African Annals of
Thoracic and Cardiovascular Surgery

  • Abbreviation: Afr. Ann. Thorac. Cardiovasc. Surg.
  • Language: English
  • ISSN: 1994-7461
  • DOI: 10.5897/AATCVS
  • Start Year: 2005
  • Published Articles: 69

Full Length Research Paper

Native arteriovenous fistulas in hemodialysis patients: Our experience with 1467 patients operated on in Abidjan

Kouassi Antonin Souaga
  • Kouassi Antonin Souaga
  • Cardiovascular Surgery Department, Abidjan Heart Institute, Abidjan, Côte d’Ivoire.
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Eric Koutoua Katche
  • Eric Koutoua Katche
  • Cardiovascular Surgery Department, Abidjan Heart Institute, Abidjan, Côte d’Ivoire.
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Jean Calaire Degre
  • Jean Calaire Degre
  • Cardiovascular Surgery Department, Abidjan Heart Institute, Abidjan, Côte d’Ivoire.
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Gnamien Randolph Niava
  • Gnamien Randolph Niava
  • Cardiovascular Surgery Department, Abidjan Heart Institute, Abidjan, Côte d’Ivoire.
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Kwadjau Anderson Amani
  • Kwadjau Anderson Amani
  • Cardiovascular Surgery Department, Abidjan Heart Institute, Abidjan, Côte d’Ivoire.
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Yoboua Aimé Kirioua-Kamenan
  • Yoboua Aimé Kirioua-Kamenan
  • Cardiovascular Surgery Department, Abidjan Heart Institute, Abidjan, Côte d’Ivoire.
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Joseph Kouame
  • Joseph Kouame
  • Anesthesia and Intensive Care Department, Abidjan Heart Institute, Abidjan, Côte d’Ivoire.
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Yao Hubert
  • Yao Hubert
  • Nephrology Department, CHU of Treichville, Abidjan, Côte d’Ivoire.
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Kouassi Flavien Kendja
  • Kouassi Flavien Kendja
  • Cardiovascular Surgery Department, Abidjan Heart Institute, Abidjan, Côte d’Ivoire.
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  •  Received: 01 December 2021
  •  Accepted: 07 January 2022
  •  Published: 31 January 2022


This study aim to report our experience in the fabrication of arteriovenous fistulas (AVF) by describing the operative technique and the immediate surgical results. The study carried out retrospective study of the records of 1467 patients who underwent AVF creation during the period from January 2008 to December 2020.  1396 patients (95.2%) had already been dialyzed with a central venous catheter for one month (1 and 6 months). The procedures were performed under local anesthesia. Distal radio-cephalic AVFs were performed in 92.2% of cases. The fabrication of a radio cephalic arteriovenous fistula was described. The arteriovenous fistulas were patented in 100% at the end of the procedure. We observed 3.1% complications in the immediate postoperative period. Morbidity was constituted by early thrombosis which represented 58.8% of complications followed by false aneurysms (27.5%), compressive hematomas (11.8%) and hemorrhages (1.9%). Fistulas complicated by thrombosis were reconnected. Treatment of the false aneurysm consisted of evacuation of the false aneurysm, surgical hemostasis, and removal of the AVF. The native arteriovenous fistula is the best access route for chronic hemodialysis. This procedure carries little risk. However, complications can be fatal, hence the interest of an early and adapted management of these complications.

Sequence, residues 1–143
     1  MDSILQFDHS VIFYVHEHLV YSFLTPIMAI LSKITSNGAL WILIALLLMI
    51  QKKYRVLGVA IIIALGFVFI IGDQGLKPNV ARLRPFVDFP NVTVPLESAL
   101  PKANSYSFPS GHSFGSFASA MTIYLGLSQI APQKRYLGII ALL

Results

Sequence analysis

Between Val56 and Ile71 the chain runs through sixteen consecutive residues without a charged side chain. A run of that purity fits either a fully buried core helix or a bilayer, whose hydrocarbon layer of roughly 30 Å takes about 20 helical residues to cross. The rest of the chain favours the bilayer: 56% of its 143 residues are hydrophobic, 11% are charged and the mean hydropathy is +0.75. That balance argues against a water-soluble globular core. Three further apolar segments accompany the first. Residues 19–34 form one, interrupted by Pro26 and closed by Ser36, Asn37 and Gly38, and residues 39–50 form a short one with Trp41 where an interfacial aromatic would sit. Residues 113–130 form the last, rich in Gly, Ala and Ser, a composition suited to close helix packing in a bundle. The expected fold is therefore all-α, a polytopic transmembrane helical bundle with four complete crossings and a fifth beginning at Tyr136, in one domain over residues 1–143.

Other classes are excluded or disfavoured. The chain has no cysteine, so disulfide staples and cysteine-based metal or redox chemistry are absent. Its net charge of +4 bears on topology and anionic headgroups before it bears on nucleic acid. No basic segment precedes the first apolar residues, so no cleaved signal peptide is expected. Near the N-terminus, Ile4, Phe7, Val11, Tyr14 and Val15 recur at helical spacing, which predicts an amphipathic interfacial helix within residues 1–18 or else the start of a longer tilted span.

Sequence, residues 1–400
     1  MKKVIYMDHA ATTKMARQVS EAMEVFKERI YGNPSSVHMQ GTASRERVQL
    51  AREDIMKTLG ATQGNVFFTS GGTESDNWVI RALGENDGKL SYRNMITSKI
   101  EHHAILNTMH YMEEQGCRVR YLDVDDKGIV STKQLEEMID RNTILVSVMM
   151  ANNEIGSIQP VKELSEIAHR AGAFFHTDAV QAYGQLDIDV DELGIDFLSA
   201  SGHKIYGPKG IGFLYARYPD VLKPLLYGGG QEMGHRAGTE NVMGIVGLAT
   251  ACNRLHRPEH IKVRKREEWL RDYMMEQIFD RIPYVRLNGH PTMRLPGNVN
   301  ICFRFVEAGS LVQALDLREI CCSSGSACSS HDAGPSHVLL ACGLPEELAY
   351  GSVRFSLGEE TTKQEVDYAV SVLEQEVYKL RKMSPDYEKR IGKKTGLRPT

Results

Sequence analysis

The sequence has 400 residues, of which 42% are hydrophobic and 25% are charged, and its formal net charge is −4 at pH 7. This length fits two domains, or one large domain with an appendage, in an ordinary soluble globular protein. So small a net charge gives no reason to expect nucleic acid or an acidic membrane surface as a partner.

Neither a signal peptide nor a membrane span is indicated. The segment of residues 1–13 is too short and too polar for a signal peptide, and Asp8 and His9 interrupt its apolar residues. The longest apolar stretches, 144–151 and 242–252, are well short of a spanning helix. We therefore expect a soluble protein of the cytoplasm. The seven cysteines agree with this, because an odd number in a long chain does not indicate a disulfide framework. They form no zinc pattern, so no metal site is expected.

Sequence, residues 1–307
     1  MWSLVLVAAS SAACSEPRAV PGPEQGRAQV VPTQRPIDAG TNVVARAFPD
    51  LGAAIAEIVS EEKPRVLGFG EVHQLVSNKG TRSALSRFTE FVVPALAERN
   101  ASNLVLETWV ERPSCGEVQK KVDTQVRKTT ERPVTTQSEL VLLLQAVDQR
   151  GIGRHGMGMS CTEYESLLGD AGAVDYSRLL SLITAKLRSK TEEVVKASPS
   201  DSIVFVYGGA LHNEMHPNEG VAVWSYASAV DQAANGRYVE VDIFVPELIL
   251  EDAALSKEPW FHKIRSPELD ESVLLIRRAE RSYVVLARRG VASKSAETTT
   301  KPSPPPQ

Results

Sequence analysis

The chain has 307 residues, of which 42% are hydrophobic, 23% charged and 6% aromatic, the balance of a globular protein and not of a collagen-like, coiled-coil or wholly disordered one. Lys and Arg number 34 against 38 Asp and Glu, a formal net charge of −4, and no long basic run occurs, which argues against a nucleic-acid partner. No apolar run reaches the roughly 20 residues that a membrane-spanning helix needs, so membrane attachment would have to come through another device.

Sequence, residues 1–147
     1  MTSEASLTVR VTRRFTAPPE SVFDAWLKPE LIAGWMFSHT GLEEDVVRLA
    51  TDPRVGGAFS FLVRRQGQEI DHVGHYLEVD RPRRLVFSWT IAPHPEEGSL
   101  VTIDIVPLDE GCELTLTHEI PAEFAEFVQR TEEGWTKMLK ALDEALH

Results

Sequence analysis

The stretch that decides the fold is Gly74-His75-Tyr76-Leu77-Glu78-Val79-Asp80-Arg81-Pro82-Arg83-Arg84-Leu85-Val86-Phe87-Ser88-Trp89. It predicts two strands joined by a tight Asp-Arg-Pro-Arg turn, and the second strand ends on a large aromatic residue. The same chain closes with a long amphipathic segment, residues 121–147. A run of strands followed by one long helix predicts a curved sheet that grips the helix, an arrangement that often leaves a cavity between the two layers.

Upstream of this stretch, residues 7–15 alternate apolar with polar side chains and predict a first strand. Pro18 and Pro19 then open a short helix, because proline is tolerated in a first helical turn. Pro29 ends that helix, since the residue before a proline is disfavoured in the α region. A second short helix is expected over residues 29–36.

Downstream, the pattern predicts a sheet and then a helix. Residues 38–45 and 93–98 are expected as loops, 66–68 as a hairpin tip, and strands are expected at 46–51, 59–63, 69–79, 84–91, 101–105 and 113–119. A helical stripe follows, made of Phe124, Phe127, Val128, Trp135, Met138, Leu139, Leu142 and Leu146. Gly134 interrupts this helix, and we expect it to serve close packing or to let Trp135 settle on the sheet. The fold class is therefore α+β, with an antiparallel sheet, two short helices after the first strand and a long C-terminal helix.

Key words: Arteriovenous fistula, hemodialysis, vascular access.


The surgical arteriovenous fistula (AVF) is the connection of a vein to a neighboring artery. Together with central venous catheters and arteriovenous bypasses, it constitutes the different vascular accesses for chronic hemodialysis.  The   fistula  is  the  best  vascular  access route. The distal cephalic arteriovenous fistula was described by Brescia and Cimino in 1966 (Brescia et al., 1966). This procedure is performed in the cardiovascular surgery department. The objective of this work is to report our  experience   by   describing   the  surgical  technique and report our immediate surgical results.


We conducted a retrospective study analyzing the records of 1467 patients with chronic end-stage renal disease who underwent native arteriovenous fistula creation from January 2008 to December 2020. These patients were operated on at the Latrille Hemodialysis Center (Cocody) and at the Abidjan Heart Institute. The patients were operated on under local anesthesia. The mean age of the patients was 42.71 years (11 - 79 years). Nineteen patients were younger than 16 years (1.2%). We noted 892 men and 575 women. The sex ratio was 1.6. Hypertension was the most common risk factor in 97% of the patients (Table 1). We had 1396 patients (95.2%) who were already dialyzing with a central venous catheter; or with a previously made but non-functional AVF.  Only 71 patients (4.8%) had an AVF before starting dialysis. 1100 patients (91.13%) had their central venous catheter for more than two (02) months. The mean hemoglobin level was 8.6 ± 1.4 g /dl. The vein and artery were identified clinically in 1358 cases (92.6%). But in case of difficulties, an arterial and/or venous Doppler ultrasound with marking was requested. Thus, this examination was requested in 109 patients (7.4%). The iconography was made with a digital camera. After the intervention, the patients were followed for the time of maturation of the AVF and the events observed during this period were reported. The computer analysis of the data was done using the EPI info software version 3.5.1.